Building site: Chiba, Japan
Principal use: Office
Site area: 1984 m2
Total floor area: 3622 m2
Structure design: KAP, Takenaka Corporation
Completion: December 2020
Photo credit: Hiroshi Nakamura & NAP, ZOZO
The idea to create a regionally integrated office, one that would grow with the city, was based on a vision of the city itself as being an office where needs such as cafés, parks, daycare centers, gym facilities, and more are outsourced within the city, rather than being provided for in-house. That way, employees become ideal sources of feedback for the company’s core business in the course of building a relationship with the city and local residents. This approach also allowed for a compact office that consolidates functions on the ground floor, other than the working space, and meeting rooms that require high confidentiality.
On the southwest side, facing a road with heavy traffic and a high heat load, the architect set the building back to provide green spaces and a plaza that contribute to the cityscape. A travel route for students from Chiba University’s main gate to a railway station has a column-free space and overhanging eaves of a floating roof that open towards the north and south sides.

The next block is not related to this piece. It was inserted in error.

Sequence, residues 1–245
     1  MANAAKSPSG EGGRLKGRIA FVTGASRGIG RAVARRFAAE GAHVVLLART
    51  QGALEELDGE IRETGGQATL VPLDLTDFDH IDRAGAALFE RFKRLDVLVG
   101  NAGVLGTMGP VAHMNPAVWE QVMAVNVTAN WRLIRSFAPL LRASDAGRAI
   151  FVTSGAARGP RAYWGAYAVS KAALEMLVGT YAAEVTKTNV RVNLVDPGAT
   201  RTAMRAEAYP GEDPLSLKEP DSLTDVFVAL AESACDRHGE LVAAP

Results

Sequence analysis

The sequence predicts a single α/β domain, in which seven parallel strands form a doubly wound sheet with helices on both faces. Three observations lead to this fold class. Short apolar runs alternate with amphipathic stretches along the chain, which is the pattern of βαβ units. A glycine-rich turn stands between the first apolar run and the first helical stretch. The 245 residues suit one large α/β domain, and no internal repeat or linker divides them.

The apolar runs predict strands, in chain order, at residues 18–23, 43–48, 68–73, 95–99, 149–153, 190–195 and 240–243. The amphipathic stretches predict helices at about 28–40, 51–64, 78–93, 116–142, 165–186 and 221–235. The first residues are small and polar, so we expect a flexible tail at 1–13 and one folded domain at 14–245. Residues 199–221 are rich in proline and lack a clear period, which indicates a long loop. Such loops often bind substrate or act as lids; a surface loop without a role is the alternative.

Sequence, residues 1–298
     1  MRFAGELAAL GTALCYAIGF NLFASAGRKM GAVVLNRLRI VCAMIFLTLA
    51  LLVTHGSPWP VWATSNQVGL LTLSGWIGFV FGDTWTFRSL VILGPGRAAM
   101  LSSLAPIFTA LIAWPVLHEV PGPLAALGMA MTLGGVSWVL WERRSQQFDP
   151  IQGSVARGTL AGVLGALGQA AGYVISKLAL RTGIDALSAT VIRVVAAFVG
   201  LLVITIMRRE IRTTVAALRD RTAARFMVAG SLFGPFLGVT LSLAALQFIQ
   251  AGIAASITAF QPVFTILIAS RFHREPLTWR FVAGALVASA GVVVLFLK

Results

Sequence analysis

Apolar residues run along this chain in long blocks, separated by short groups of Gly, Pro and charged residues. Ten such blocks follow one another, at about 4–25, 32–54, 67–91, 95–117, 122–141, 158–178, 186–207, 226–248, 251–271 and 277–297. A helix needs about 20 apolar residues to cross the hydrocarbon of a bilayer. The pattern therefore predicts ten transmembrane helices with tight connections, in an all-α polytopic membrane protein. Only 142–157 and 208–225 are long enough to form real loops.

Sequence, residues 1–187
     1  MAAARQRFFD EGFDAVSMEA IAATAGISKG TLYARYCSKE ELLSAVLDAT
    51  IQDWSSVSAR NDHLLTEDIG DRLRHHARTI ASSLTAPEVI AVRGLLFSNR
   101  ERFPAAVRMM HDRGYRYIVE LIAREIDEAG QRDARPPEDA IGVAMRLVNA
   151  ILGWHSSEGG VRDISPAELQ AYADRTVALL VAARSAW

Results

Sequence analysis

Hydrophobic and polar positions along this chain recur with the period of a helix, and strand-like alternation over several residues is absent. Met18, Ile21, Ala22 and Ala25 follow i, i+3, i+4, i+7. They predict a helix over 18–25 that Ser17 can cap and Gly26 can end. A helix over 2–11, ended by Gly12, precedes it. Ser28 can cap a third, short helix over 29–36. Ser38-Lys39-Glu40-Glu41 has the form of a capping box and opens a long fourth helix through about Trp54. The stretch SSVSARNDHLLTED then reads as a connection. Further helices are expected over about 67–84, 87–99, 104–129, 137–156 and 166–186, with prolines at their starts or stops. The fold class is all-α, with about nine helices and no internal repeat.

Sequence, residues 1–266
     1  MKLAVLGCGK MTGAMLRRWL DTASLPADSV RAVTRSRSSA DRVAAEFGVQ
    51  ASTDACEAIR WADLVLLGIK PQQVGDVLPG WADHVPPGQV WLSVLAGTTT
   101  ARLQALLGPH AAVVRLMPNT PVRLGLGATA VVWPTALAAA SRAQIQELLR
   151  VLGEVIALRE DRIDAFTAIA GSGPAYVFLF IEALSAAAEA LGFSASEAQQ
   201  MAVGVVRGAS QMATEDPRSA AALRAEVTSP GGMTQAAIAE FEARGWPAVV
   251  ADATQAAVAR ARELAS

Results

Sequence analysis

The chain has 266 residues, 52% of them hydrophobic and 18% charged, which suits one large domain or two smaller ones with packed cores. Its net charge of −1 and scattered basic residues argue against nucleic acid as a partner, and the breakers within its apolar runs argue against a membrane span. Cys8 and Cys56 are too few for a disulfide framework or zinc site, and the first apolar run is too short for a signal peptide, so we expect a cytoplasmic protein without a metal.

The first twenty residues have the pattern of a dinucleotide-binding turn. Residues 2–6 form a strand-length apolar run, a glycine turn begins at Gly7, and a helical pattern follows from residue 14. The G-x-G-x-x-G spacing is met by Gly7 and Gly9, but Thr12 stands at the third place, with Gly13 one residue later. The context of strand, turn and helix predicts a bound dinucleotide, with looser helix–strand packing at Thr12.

The ceiling height varies from 2.0-8.0m, gradationally yielding both an airport-like public space and the privacy of a residence. The skip floors and roofs create differing qualities of space including shifts in sight lines, comfortable distances from one another, and spatial lighting, allowing workers to freely choose their ideal space for conducting their work or activity.
A semi-rigid suspended roof structure obtains a large interior space free of columns or other structural elements. By having backstays and core columns on both ends of the building to support the horizontal tensile force generated in the suspended roof, the architect was able to achieve a roof with a light appearance and a beam height of only 350mm, even over the larger span.
To provide a comfortable indoor environment, a system has been adopted where the air circulation method switches according to the season. In summer, cool air is distributed evenly in the space through non-combustible cardboard ducts located throughout the roof. The ducts themselves, cooled by the air, create a radiant cooling effect that essentially alleviates thermal load from the roof. In winter, air diffusers on the floor efficiently supply air flow to only the occupied zone, ensuring comfort even in a large space with various levels.
The fibrous roofs and walls consist of three woven layers of slender lumber, and drape voluminously like large pieces of fabric that gently envelop people. The air conditioning/ventilation ducts and sound insulation material, made of paper installed behind the fibrous roofs and walls create a pleasant thermal and acoustic environment.